By Nazanin Boniadi and Roxana Saberi
In June 2009, hundreds of thousands of courageous men and women took to the streets in Iran, demanding their inalienable rights amid the turmoil of the country’s disputed presidential election. News of the deaths of innocent people such as Neda Agha-Soltan and Sohrab Arabi, raids on the dormitory of the University of Tehran, mass show trials, and reports of the torture and rape of political prisoners made the world take notice.
Sadly, the international community has since largely averted its gaze, despite the fact that Iran continues to violate its international obligations as a signatory to the International Covenant for Civil and Political Rights.
Prisoners of conscience are still languishing in jail, and execution by stoning is still allowed, as is the execution of juvenile offenders. The authorities continue to suppress the freedoms of expression, opinion, assembly and religion, while many students are being denied their right to higher education based on a discriminatory system that penalizes them for their political and religious beliefs.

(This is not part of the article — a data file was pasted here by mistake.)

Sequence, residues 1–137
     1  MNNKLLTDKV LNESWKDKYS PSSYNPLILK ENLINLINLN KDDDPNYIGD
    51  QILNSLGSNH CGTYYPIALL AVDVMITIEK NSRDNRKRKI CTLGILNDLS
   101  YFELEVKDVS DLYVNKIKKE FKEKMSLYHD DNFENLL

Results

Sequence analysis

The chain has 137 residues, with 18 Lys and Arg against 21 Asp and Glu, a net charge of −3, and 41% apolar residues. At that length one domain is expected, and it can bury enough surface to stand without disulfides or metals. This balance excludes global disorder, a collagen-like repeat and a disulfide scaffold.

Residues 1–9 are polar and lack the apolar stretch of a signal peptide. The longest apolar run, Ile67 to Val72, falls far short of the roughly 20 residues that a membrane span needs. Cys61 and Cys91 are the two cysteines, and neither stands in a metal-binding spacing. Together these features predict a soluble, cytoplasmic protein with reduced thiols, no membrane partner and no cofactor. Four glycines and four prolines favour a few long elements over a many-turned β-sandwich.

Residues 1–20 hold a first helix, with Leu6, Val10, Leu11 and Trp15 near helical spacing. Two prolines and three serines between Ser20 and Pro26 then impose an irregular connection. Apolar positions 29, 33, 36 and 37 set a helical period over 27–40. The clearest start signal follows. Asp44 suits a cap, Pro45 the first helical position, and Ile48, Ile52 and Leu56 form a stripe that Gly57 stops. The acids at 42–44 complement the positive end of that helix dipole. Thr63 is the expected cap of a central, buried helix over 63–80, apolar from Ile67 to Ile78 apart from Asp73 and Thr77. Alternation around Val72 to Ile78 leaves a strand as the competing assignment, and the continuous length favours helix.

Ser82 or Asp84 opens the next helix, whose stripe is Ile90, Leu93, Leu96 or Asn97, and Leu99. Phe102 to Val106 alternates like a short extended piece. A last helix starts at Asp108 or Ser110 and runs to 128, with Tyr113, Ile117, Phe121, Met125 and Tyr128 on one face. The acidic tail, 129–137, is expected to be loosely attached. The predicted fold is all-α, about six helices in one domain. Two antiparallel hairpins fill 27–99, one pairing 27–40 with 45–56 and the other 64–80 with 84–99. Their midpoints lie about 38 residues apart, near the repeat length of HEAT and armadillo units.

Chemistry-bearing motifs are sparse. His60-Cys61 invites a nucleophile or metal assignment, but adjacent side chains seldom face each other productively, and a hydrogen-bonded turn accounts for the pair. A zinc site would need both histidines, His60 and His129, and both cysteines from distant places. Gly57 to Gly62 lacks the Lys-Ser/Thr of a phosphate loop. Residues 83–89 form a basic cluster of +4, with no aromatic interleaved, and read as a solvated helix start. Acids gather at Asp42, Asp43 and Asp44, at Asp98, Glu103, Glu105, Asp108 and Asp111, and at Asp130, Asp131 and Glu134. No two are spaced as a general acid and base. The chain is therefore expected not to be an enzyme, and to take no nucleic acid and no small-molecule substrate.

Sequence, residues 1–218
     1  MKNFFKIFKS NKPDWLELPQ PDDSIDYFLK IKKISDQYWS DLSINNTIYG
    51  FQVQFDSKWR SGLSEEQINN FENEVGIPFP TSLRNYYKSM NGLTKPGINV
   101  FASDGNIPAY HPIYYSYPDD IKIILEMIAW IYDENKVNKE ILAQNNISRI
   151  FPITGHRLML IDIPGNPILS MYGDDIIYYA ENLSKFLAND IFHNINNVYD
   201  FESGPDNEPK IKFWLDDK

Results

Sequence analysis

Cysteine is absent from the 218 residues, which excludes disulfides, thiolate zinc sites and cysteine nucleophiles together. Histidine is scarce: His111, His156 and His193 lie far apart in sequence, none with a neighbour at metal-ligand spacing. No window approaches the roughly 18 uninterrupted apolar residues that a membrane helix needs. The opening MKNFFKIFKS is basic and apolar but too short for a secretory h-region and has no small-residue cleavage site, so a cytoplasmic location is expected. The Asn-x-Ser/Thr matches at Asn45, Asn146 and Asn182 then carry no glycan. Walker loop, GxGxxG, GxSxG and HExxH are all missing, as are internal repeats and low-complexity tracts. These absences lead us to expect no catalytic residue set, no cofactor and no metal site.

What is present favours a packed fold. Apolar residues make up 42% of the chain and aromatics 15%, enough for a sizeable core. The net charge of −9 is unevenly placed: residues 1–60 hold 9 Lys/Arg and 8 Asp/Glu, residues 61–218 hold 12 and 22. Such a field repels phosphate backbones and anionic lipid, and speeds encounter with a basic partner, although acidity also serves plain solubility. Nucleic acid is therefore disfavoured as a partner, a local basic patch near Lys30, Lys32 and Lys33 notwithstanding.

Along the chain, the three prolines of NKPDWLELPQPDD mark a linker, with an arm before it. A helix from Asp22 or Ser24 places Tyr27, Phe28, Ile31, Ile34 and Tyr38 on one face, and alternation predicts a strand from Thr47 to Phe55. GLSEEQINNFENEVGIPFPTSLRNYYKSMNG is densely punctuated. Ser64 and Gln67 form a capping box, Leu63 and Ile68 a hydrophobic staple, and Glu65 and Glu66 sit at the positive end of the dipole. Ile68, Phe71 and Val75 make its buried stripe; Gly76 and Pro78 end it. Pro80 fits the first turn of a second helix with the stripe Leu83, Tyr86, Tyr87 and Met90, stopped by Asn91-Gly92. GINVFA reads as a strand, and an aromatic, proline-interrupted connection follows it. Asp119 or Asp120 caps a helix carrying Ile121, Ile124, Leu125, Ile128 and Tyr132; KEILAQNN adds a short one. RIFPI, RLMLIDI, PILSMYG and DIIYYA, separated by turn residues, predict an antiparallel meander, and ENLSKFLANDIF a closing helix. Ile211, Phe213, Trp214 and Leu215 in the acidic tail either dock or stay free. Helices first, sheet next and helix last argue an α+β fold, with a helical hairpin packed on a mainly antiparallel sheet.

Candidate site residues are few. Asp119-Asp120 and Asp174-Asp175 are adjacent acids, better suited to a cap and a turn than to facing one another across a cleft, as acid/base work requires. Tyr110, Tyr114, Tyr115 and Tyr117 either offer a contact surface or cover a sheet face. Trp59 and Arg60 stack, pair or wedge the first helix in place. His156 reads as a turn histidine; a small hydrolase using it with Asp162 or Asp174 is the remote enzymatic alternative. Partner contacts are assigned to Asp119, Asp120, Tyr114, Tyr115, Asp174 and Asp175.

It seems that Iranian authorities are systematically targeting current and future community leaders in what appears to be a relentless crackdown on student and human rights activists.
Amnesty International has included one such case, that of student leader and prisoner of conscience, Majid Tavakkoli, as an urgent action in its global Write-a-thon campaign.